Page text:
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I'm working with von Neumann algebras and I stumbled with this statement in a work of Borchers (1999)

Since $\mathcal N \subseteq \mathcal M$, it follows by standard arguments that $\Delta_{\mathcal N} \ge \Delta_{\mathcal M}$

where we must think $\mathcal{N}$ and $\mathcal{M}$ as concrete von Neumann algebras over the same Hilbert space, and $\Delta_\mathcal{M}$ is the modular operator associated to $\mathcal{M}$ and similarly for $\Delta_\mathcal{N}$.

I suppose there is something I'm not catching because assuming $\mathcal{N}\subseteq\mathcal{M}$, I could only arrive to $S_{\mathcal{M}}(x)=S_\mathcal{N}(x)$ for $x\in \operatorname{Dom}(S_\mathcal{N})$ (to do that I assume there is a cyclic and separating vector for $\mathcal{N}$) where $S_R$ denotes the Tomita–Takesaki operator of the algebra $R$. This implies $\Delta_\mathcal{M}(x)=\Delta_\mathcal{N}(x)$, for $x\in \operatorname{Dom}(\Delta_\mathcal{N})$.

However, I couldn't find the proof of Borchers's assertion.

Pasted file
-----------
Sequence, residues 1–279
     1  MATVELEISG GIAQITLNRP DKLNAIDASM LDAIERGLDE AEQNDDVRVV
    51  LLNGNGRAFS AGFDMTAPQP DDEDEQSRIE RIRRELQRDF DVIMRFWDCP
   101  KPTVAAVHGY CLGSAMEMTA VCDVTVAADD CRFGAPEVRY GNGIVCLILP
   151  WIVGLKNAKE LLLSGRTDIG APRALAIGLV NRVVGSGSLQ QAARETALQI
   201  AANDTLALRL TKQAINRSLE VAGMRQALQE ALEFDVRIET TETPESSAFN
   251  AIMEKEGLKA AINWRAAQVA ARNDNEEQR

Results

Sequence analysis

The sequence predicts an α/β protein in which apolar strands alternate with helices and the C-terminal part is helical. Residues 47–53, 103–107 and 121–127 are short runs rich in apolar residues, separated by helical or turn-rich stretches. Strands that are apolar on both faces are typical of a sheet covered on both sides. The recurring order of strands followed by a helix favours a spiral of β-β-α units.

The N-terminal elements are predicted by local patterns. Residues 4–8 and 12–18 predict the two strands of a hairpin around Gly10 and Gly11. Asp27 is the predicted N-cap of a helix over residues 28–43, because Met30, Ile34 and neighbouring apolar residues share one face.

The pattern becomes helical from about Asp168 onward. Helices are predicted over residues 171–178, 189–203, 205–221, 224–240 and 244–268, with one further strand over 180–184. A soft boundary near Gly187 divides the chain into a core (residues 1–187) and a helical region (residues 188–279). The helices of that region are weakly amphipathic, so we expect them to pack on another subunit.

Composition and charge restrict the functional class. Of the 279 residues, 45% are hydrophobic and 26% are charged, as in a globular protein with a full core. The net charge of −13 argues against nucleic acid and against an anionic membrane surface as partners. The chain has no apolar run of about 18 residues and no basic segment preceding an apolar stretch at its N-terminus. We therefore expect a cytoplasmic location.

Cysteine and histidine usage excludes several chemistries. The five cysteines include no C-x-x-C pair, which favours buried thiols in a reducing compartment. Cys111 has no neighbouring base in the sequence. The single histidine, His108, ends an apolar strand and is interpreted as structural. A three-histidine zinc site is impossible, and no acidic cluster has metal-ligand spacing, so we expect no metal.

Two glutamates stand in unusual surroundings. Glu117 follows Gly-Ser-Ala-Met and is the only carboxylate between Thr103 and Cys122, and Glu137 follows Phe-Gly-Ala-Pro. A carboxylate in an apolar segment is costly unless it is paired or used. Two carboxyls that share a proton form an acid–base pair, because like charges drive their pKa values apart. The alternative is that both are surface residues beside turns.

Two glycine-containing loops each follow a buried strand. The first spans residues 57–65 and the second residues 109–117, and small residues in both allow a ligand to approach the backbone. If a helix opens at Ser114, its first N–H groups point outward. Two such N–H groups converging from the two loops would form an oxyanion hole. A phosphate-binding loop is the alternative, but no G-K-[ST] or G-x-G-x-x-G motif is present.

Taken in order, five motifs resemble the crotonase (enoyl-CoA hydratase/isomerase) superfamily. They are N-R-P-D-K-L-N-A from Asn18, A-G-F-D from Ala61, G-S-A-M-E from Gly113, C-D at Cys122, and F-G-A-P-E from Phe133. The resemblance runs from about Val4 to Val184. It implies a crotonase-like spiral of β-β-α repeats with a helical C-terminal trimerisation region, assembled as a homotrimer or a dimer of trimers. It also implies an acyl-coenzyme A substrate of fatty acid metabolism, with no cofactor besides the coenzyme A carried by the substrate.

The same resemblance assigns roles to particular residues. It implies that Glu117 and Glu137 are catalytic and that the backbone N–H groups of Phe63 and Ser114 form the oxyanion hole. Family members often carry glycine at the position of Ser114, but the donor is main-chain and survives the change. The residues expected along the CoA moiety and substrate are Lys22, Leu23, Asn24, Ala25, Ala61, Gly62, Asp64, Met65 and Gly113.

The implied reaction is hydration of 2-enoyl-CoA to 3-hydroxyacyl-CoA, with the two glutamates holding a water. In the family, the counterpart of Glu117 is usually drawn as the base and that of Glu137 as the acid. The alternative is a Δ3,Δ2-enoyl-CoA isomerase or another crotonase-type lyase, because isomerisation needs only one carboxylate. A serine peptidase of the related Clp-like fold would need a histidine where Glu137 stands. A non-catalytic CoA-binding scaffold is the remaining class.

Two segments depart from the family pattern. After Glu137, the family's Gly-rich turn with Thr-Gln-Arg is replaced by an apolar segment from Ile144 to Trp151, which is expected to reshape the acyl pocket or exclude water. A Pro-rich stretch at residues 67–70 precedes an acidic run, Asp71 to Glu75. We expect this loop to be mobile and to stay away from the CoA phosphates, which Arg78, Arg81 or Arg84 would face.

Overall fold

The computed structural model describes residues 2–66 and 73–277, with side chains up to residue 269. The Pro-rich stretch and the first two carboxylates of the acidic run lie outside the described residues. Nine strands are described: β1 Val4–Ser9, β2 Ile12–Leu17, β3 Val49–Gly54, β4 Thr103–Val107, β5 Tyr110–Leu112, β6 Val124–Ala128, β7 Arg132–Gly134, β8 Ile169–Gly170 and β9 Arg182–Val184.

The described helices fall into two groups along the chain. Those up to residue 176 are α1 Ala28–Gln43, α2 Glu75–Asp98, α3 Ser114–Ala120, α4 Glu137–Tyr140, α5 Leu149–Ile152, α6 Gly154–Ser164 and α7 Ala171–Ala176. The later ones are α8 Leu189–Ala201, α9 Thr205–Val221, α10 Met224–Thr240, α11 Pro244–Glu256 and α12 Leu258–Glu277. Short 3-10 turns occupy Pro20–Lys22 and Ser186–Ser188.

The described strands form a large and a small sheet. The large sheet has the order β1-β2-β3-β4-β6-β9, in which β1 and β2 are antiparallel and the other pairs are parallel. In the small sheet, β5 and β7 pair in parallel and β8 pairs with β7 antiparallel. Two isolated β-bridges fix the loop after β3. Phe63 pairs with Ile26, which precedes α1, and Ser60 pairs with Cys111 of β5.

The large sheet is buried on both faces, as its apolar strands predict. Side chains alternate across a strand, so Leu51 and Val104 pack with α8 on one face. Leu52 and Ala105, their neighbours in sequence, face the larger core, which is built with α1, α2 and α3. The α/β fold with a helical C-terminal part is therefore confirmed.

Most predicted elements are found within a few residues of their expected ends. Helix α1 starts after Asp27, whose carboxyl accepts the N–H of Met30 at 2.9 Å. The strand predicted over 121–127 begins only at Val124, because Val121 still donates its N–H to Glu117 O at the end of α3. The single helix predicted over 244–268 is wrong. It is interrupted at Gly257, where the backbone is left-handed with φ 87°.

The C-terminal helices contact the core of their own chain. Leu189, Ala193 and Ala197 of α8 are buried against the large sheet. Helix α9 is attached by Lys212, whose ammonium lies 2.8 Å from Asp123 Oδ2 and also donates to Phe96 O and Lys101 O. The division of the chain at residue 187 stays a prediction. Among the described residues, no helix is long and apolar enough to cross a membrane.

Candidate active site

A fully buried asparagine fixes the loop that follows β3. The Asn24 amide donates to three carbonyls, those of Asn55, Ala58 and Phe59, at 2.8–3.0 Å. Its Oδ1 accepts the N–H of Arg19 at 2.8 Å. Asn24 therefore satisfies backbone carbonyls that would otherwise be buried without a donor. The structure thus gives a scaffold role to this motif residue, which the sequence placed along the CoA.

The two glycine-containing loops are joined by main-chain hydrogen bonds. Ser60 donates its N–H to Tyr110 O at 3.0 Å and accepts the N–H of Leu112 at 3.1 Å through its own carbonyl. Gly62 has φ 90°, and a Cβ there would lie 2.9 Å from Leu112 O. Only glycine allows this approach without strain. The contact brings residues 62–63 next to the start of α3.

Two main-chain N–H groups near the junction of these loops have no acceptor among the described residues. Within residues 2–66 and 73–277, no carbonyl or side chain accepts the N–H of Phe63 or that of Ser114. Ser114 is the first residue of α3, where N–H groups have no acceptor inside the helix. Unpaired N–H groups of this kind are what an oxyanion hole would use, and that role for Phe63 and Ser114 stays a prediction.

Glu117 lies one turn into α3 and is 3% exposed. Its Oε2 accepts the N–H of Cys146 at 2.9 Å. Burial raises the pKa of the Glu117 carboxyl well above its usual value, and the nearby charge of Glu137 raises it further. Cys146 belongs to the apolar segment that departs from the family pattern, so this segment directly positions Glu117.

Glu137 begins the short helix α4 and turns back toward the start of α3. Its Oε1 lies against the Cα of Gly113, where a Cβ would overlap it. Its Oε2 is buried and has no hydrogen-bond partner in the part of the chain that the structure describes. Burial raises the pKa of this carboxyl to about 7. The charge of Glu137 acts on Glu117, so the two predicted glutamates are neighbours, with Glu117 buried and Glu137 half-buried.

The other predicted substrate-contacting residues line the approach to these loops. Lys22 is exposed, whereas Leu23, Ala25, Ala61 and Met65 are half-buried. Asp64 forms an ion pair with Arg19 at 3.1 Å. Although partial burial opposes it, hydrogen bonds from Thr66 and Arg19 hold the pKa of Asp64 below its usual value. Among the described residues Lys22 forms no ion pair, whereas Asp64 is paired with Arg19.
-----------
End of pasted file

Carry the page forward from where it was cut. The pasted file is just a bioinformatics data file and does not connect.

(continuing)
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    $\begingroup$ What is the work of Borchers? $\endgroup$
    – LSpice
    Apr 17, 2023 at 20:36

1 Answer 1

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It can be shown by using the "characteristics matrix" of unbounded operators (see here). For an unbounded operator $X$, we write the projection $\mathcal{P}$ onto the closed subspace $\mathcal{H} \oplus \mathcal{H}$ generated by the graph using a two-by-two matrix $p_{i,k}$ $$p^*_{i,k} = p_{j,k}$$ where the following map holds $$X \colon p_{1,1}\psi + p_{1,2} \phi \rightarrow p_{2,1}\psi + p_{2,2} \phi,\quad \psi,\phi \in \mathcal{H}$$ so one finds that the inverse of $p_{1,1}$ is given by $$p_{1,1} = (1+XX^*)^{-1}$$ and for an extension of $X$, which we call $Y$, we have $\mathcal{P}(Y) \geq \mathcal{P}(X)$. Then one sees that $$(1+YY^*)^{-1} \geq (1+XX^*)^{-1}$$

Now for the inclusion of von Neumann algebra $\mathcal{N} \subset \mathcal{M}$, we do the same thing. Since now $X$ is an anti-linear operator (and thus $p_{1,2}$ and $p_{2,1}$ are anti-linear), the second Hilbert space must be replaced by complex conjugate Hilbert space. We get the following $$(1+\Delta_{\mathcal{M}}^*)^{-1} \geq (1+\Delta_{\mathcal{N}}^*)^{-1}$$ which is $$\Delta_{\mathcal{N}} \geq \Delta_{\mathcal{M}}$$

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